Archive for December, 2007

Compressing Time

December 27, 2007

 In 2007, I used my digital camera (a Canon PowerShot) to create a large pile of new media. According to iPhoto, I recorded 1,537 photographs, which averages to about 4+ new images every day. In order to objectively visualize my 2007 photographic habits, I created a video which compresses all my 2007 media into just three minutes and five seconds.

In the high-resolution (original) version, each photograph is shown for three frames at thirty frames per second. That’s 1/10 of a second per image. If each photograph was taken with a 1/100 average shutter speed, then this video is about ten times slower than reality. Despite this “slow” speed, the video is almost impossible to visually digest.


Happy Holidays Everyone: A LaTeX-thesis pack for the University of Oregon

December 12, 2007

A screenshot from Gmail, in which the Graduate School editor approves my thesis.
(view screenshot here)

If you’re writing a thesis or dissertation for the University of Oregon Graduate School (UOGS), here is a set of LaTeX files which will help you produce a document with approved formatting.

Download Here: (6.5 MB)

These files will help you format most of your document, but some hand-crafting might be required if your thesis or dissertation contains non-standard “stuff.” The instructions are in the file README.txt

Thanks to Peter Boothe for being a LaTeX-ninja, sometimes.

Five art-related blogs. . .

December 6, 2007

. . . which I recently learned about, are listed below. Peter says everyone-in-the-know has been reading (and loving) these blogs for years, which proves that I live in a solipsistic bubble of science, spiritual transcendentalism, and Stevie Wonder cover songs.

Here are the blogs:

  1. Boing Boing : a “directory of wonderful things”
  2. “We Make Money, Not Art”: art, design, media, and a nomadic computer scientist.
  3. Warren Ellis
  4. Beyond the Beyond: by Bruce Sterling.  This blog also includes a healthy dose of scientific futurism.
  5. The Wooster Collective: a celebration of street art.  To my credit, I’ve been reading the WC for a while, but only recently added it to Google Reader.

Summary: Metagenomics, fruit flies, and lessons learned

December 6, 2007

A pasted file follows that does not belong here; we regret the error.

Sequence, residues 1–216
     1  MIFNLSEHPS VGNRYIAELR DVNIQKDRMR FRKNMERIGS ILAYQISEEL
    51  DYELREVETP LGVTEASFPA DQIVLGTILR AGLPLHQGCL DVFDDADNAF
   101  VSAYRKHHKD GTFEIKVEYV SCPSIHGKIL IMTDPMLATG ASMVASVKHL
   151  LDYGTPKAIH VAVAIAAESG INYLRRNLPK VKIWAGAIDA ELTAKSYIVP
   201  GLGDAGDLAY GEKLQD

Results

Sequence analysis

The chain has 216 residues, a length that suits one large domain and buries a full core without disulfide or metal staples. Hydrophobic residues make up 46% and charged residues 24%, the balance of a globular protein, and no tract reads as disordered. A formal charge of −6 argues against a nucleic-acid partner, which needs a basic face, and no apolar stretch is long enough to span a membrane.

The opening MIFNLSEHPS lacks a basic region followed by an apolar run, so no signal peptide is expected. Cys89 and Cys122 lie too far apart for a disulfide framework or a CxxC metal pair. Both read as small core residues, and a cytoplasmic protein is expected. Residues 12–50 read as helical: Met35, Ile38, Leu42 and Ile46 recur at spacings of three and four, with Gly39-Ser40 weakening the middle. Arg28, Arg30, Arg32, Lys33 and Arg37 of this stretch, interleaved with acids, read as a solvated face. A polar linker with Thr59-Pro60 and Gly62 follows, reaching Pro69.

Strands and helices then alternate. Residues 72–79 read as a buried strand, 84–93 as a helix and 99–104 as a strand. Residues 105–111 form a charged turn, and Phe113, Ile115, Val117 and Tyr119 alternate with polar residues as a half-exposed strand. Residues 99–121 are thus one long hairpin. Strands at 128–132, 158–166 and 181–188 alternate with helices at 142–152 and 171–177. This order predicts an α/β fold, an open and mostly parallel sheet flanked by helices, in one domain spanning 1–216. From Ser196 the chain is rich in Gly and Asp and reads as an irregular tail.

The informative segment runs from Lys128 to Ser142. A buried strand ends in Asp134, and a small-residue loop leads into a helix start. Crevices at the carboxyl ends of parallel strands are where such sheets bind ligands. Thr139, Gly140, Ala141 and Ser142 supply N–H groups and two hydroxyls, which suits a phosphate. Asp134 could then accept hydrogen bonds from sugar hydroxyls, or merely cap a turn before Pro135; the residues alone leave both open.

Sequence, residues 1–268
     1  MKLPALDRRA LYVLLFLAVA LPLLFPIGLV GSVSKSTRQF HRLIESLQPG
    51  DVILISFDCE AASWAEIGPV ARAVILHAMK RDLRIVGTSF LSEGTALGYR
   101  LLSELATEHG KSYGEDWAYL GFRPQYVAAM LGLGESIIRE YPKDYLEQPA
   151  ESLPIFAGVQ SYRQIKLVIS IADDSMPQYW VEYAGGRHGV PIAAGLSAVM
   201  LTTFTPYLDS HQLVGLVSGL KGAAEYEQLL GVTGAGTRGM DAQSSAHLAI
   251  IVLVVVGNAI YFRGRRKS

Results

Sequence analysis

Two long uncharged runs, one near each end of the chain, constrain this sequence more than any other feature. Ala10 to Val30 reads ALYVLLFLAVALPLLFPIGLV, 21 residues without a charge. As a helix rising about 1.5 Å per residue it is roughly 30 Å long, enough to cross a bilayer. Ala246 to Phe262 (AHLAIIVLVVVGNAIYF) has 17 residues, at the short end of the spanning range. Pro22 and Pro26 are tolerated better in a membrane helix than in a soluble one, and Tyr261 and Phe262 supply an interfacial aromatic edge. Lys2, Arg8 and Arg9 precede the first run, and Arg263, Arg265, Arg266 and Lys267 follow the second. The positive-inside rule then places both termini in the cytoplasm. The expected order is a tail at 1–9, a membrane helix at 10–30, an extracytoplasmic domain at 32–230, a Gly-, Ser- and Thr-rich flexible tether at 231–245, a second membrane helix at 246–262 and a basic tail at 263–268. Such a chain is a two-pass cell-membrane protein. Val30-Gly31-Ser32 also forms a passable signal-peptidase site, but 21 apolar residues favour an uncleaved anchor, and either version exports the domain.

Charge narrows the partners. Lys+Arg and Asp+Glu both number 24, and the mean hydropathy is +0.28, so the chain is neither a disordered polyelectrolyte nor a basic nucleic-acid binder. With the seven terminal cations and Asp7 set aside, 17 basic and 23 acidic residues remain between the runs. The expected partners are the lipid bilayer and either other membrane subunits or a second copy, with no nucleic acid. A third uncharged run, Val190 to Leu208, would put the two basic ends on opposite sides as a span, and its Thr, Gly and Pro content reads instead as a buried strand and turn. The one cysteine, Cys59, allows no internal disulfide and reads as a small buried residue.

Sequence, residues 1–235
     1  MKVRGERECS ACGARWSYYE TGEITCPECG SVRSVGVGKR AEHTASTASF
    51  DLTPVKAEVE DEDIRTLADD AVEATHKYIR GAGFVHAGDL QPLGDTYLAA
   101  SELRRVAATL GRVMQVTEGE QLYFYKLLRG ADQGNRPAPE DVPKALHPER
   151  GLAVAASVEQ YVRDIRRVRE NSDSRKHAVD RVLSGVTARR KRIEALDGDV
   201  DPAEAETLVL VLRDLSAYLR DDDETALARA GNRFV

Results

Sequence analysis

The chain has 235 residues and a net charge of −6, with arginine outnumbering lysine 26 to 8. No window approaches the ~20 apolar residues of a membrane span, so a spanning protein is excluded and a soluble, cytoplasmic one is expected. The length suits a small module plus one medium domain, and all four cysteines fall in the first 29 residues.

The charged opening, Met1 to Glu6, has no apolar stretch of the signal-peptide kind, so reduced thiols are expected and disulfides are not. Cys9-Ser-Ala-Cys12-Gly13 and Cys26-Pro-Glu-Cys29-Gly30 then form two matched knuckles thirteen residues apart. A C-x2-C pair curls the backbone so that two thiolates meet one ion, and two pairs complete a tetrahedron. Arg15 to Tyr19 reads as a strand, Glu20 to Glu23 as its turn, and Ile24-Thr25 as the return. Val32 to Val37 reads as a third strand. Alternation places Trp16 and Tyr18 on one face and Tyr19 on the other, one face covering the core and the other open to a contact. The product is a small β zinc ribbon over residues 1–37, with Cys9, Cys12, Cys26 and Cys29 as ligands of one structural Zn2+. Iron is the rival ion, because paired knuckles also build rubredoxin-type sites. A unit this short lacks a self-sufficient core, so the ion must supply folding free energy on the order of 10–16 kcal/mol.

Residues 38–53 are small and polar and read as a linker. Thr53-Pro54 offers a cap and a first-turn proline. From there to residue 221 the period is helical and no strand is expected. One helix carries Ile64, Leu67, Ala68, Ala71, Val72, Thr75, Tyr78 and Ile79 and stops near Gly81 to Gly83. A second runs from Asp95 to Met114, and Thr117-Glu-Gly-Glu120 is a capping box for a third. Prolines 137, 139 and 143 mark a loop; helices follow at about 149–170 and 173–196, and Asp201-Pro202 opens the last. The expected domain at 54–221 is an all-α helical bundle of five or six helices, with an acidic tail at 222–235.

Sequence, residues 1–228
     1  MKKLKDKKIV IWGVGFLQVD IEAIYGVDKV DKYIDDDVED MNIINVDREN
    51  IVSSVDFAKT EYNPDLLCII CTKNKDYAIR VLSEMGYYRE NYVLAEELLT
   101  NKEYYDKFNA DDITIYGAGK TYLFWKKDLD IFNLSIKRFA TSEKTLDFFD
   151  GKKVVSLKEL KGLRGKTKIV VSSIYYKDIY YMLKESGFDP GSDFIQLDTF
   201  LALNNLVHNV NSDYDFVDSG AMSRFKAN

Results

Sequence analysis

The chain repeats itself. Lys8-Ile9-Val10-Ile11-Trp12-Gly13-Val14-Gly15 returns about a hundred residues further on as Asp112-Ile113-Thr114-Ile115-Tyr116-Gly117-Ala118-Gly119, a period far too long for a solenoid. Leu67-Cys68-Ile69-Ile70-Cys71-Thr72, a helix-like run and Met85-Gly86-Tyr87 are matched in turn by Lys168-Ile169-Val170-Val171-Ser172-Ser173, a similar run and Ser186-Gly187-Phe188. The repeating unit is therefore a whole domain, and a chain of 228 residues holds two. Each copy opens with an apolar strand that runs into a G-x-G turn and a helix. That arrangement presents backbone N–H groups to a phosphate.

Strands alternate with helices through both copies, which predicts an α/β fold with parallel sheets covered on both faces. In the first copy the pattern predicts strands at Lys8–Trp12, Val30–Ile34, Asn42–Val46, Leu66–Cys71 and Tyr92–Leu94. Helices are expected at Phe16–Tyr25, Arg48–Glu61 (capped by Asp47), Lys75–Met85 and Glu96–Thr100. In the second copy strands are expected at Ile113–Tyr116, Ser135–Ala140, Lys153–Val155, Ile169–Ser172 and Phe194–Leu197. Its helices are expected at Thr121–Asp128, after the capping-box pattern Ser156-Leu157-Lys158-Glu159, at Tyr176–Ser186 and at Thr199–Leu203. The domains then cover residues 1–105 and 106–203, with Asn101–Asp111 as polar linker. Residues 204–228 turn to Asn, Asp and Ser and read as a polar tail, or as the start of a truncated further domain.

On November 8th, Nature published two cool articles about metagenomic studies of twelve Drosophila (“fruit flies”) species. In the the first paper (click here), The Drosophila 12 Genomes Consortium (D12GG) compared the complete genomic sequences of the twelve Drosophila species, which included the model organism species Drosophila Melanogaster. Although the twelve species are related, they exhibit a surprising amount genetic biodiversity. For example, the evolutionary distance between D. Grimshawi and D. Melanogaster is the same distance as between humans and lizards. As a side note, six months earlier (in May 2007), PLoS Genetics published a similar metagenomic comparison of Drosophila (click here for the paper). In the PLoS paper, Hahn et al. present the (somewhat obvious) conclusion: “the apparent stasis in total gene number among species has masked rapid turnover in individual gene gain and loss.”

On November 8, Nature also published this paper (click here), in which Stark et al. (including Hahn) used the data from D12GG’s research to demonstrate a truly novel insight about the connection between conserved metagenomic sequence motifs and functional elements. The result of this paper allows us to infer the presence of functional elements with a accuracy far surpassing previous methods. Specifically, Stark et al. show how to infer the following functional elements, based on a metagenomic sample:

  • Protein-coding regions: have highly constrained condon substitution regions, and indels have a bias for multiples of three.
  • RNA genes: tolerate substitutions that preserve base pairing.
  • miRNA: can be detected by looking for conserved palindromic stem sequences, which mutable loop sub-sequences between the two palindrome pieces.
  • Regulatory motifs: have high levels of genome-wide conservation.
  • Post-transcriptional motifs: are typically strand-based conservations.